September 23, 2020
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Trent Bridge Test

Getting There

'We have won everywhere we have toured, won series as well. It's been an improvement, even though not probably as quickly as we would have liked and not as emphatically as we would have liked. But these are small steps along the way.'

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Getting There
Getting There
Skipper Rahul Dravid believes India's victory in the second Test against England was yet another "small step" taken in the long march towards becoming a dominant team both at home and away.

"Every win that we have, we can take heart from that," Dravid said after India's seven-wicket win at Trent Bridge today.

"We have played well abroad in the last four-five years. We have won everywhere we have toured, won series as well.

"It's been an improvement, even though not probably as quickly as we would have liked and not as emphatically as we would have liked. But these are small steps along the way.

"It's great especially for the younger players who haven't seen international success away from home. That's something that will spur them on and inspire them to do much better."

It was only India's fifth win in 47 Tests they had played in England. Avoiding defeat in the third and final Test at The Oval from August 9 will give them their first series win in 'Old Blighty' in 21 years.

India, although they have had strong batting line ups throughout their history, are not known to play well overseas.

Their 1-0 win in the Caribbean last year was their first - ignoring the 2-0 success over a lowly Zimbabwe in 2005 - outside the sub-continent since Kapil Dev led them to a 2-0 triumph in England in 1986.

Yet, led by Sourav Ganguly, they beat Steve Waugh's Australia in Adelaide before the champions bounced back to level the series in 2003-04.

Then they went on to defeat Pakistan 2-1 the same season, their first-ever victory across the border.

In 2002, Ganguly's side crushed Nasser Hussain's England at Headingley although the series was drawn.

Dravid said these wins had added steel to the team's character. "Whenever we go abroad, everybody expects very little of us in any case," he said with a laugh.

"So every time we perform abroad, it's going to be like we have done something great. But expectations have increased in the last 4-5 years.

"People expect us to come here and perform. And we expect ourselves to come here and perform. We don't come here to be another team."

Dravid pointed out a curious fact that although the team has been tigers on the slow, turning tracks at home, their rare away wins have come in more sporting conditions.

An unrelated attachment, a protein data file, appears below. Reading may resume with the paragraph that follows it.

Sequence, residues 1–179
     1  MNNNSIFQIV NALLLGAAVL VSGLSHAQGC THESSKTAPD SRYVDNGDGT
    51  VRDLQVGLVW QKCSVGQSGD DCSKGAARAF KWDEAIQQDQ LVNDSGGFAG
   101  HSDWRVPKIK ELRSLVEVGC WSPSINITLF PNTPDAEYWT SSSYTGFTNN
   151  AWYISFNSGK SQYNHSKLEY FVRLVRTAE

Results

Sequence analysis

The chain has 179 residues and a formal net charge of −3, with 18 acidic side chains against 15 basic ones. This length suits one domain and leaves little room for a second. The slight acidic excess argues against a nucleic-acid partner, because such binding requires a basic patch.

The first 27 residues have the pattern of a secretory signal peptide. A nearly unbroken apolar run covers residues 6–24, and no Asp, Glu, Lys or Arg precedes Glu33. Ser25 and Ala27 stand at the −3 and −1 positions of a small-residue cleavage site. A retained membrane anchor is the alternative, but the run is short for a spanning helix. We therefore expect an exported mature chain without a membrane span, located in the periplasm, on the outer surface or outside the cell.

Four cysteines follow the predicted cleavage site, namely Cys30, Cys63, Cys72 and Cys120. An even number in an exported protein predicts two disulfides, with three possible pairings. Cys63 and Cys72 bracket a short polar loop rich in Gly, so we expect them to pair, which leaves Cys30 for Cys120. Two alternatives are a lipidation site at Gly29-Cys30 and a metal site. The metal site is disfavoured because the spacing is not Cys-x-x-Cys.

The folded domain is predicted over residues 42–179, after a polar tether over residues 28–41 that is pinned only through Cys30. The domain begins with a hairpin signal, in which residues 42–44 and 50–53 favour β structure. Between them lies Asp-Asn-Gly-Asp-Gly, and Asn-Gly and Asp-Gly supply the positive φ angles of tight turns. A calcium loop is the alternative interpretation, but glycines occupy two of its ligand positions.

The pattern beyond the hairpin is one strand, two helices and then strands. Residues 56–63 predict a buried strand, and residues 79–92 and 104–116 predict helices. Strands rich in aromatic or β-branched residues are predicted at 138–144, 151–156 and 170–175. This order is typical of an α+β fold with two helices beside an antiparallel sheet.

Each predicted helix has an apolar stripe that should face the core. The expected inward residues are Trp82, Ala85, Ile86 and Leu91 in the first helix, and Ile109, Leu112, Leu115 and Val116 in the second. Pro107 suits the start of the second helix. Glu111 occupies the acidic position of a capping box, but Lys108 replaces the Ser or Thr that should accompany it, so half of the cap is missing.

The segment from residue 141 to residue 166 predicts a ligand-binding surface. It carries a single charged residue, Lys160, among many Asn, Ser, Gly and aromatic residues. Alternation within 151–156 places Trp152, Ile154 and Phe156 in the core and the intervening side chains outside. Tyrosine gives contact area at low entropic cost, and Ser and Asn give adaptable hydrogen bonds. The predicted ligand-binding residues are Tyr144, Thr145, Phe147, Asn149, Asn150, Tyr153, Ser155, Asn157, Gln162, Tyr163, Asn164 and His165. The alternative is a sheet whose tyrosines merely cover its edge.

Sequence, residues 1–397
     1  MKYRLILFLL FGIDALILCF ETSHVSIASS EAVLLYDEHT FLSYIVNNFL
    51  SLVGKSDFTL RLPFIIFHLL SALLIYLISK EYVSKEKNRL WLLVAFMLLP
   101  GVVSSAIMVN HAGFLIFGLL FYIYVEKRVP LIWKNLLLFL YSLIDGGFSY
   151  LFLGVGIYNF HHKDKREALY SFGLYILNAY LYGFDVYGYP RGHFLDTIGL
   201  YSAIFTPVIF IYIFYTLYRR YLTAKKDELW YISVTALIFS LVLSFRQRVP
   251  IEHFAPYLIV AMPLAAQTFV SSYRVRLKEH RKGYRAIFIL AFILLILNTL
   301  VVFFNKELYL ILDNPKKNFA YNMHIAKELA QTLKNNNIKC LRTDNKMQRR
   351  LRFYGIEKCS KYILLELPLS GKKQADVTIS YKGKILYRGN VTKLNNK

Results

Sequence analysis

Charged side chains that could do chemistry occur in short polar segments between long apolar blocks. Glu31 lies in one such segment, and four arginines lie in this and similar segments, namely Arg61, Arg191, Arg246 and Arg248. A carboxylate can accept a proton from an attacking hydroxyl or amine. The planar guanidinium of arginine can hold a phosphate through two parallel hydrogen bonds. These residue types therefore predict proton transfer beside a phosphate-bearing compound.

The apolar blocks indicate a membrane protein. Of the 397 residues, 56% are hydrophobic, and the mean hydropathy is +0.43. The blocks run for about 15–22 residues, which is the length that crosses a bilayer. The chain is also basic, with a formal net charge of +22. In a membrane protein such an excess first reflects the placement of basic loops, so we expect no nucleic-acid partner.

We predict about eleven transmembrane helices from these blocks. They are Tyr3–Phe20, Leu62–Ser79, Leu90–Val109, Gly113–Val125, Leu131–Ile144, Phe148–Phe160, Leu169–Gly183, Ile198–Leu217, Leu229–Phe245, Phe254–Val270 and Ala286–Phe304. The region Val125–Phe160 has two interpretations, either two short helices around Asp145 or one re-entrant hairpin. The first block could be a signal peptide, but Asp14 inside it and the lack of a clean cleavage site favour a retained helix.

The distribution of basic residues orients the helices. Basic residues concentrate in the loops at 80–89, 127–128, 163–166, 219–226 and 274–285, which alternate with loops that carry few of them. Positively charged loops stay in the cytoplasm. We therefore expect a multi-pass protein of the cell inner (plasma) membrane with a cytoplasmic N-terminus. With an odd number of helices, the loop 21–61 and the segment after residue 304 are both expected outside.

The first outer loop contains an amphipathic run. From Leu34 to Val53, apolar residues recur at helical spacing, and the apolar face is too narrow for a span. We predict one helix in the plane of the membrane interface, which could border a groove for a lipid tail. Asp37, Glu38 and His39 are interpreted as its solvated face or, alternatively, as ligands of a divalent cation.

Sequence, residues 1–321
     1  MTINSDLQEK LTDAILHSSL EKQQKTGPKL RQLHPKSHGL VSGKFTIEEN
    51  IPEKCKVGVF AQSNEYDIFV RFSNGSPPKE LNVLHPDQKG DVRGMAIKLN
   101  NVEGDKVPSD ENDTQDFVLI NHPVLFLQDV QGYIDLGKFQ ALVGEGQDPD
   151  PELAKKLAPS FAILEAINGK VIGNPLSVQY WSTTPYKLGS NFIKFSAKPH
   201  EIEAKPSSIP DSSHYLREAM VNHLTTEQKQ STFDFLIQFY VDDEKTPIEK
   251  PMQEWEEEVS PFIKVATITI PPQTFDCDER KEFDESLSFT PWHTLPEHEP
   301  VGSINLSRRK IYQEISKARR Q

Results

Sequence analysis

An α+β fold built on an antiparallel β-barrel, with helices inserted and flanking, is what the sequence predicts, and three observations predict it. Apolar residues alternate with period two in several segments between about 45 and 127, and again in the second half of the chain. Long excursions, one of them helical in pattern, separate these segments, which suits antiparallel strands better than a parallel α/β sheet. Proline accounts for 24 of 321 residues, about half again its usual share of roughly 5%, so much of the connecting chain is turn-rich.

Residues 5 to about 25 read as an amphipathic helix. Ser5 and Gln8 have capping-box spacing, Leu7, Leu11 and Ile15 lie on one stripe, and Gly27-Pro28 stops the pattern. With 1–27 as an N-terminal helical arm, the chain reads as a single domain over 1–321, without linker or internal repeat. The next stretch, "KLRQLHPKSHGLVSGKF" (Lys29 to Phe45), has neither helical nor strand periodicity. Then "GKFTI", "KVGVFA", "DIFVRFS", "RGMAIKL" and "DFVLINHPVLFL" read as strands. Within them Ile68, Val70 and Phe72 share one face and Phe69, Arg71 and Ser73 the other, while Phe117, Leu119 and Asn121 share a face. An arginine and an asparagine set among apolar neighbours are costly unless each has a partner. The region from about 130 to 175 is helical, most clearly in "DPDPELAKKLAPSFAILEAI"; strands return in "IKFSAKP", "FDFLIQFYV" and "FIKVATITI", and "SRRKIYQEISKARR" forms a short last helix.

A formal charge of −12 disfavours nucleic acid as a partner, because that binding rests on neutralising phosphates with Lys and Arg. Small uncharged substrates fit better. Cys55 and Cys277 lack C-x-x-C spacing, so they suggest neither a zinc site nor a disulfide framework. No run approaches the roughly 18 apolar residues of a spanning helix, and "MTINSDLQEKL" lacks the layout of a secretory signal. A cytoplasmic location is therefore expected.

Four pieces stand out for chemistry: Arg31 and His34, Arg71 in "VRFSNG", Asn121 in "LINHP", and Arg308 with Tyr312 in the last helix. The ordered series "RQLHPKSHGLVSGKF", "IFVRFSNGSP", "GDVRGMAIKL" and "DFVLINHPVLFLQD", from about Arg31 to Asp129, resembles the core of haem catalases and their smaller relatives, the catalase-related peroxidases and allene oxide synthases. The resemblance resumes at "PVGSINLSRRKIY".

"I have always felt that we have done well when we had the opportunity to take 20 wickets," he said.

"Wherever the conditions give us the chance, we definitely take 20 wickets. Yes, we might lose an odd game but we also win games.

"I have always felt that our best chance is in games where there is definitely going to be a result.

"Sometimes on flat wickets we struggle to take 20 wickets and that puts us on the back foot quickly.

"Even the last time we won here in Headingley, we had the chance to take 20 wickets. All it needs is one good batting performance from us and it sets up the game."

Dravid equated the Trent Bridge win with England's success in Mumbai last year, in terms of satisfaction the two teams should have derived.

"England have a very good record in England. And for us to come here and beat them convincingly is probably as sweet for us as it must have been for them when they beat us in Bombay on the last tour," he said.

Dravid was all praise for man of the match Zaheer Khan who turned the match on its head with a sensational spell on the fourth day.

"It was a great team effort. Zaheer was obviously the star of our bowling. He really showed what a leading bowler must do," the skipper said.

"In these conditions he was asked to put up his hand and he did that. Whenever we expected him to perform he did that.

"On the first day, when we won the toss, Zaheer stood out. Yesterday afternoon, when the game was in a balance, he took the game by the scruff of its neck and delivered."

Zaheer was also at the centre of a sledging controversy. He was seen pointing his bat to Kevin Pietersen while batting on the third evening.

The 28-year-old paceman said later that the England players upset him by throwing jelly bean at the crease and it actually fired him up the next day when he bowled.

"If he is going to do so well every time after he gets upset, I would rather like him to be upset," Dravid said in a lighter vein.

"I've never seen Zaheer so keen and so fired up ... What really gives me great satisfaction is what Zaheer has done with the ball.

"That for me is mental strength. That for me is toughness. That's the kind of toughness that I expect from my team.

"If we can keep putting up these performances in difficult conditions, we can produce a lot more results showing that kind of mental toughness on the field."


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